Lot’s Cave


Lot’s Cave, a stiff 10-minute climb up a steep flight of steps, is surrounded by the ruins of a small Byzantine church (5th to 8th centuries), a reservoir and some mosaics, which were excavated by the British Museum. Remains from the cave date to the early Bronze Age (3300–2000 BC) and an inscription in the cave mentions Lot by name.

Lot, the nephew of Abraham, features repeatedly in the colourful annals of the Dead Sea’s southern shores. Lot’s Cave, just past the Lisan Peninsula, is where he and his daughters are said to have lived after fleeing the destruction of Sodom and Gomorrah; Lot’s wife is famously believed to have turned into a pillar of salt after looking back at the smouldering city.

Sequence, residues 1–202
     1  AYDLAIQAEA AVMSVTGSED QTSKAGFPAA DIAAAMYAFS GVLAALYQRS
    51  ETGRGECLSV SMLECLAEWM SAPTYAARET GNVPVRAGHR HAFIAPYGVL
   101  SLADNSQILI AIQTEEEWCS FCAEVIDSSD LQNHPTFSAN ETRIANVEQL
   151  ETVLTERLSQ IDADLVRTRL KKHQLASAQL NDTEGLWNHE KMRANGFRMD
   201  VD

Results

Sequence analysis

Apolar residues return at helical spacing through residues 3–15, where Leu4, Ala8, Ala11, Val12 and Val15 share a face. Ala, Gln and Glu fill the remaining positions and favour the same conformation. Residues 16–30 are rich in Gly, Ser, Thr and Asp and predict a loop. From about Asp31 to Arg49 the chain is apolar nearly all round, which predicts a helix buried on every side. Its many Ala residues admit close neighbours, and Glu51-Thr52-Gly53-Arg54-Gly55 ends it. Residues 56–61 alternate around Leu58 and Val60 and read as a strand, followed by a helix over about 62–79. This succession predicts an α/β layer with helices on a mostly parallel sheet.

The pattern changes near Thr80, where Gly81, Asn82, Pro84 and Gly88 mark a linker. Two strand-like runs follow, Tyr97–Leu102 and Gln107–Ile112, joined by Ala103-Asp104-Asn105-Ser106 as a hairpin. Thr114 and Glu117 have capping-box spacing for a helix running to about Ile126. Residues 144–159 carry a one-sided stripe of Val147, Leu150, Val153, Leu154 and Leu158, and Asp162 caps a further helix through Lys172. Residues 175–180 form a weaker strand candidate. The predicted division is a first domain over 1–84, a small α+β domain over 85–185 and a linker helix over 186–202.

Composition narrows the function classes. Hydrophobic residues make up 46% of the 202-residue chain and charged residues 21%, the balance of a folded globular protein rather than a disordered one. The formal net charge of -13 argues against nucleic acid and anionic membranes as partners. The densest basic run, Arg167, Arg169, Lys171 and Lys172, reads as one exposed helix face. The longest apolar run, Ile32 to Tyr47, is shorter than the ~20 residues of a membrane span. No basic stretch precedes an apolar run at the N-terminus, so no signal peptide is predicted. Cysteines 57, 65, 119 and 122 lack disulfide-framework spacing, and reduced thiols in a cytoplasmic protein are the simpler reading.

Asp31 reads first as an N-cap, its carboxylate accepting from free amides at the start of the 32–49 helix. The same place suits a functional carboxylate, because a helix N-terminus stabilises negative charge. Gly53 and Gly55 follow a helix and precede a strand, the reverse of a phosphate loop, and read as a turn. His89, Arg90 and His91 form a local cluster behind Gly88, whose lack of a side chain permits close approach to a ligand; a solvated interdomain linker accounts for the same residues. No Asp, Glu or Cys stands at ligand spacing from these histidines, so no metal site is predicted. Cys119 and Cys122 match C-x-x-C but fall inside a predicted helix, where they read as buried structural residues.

In an eyebrow-raising incident that’s remarkable even for the Bible, it’s said that Lot’s two daughters spiked their father’s drink, had sex with him and then nine months later gave birth to his grandsons/sons Moab and Ben Ammi, the forefathers of the Moabite and Ammonite peoples.

The cave is 2km northeast of Safi and well signposted from the Dead Sea Highway. Look for the circular museum building on the hillside. Regular minibuses run between Karak and Safi (800 fils, one hour). If you’re relying on public transport, be prepared for a 2km walk from the highway.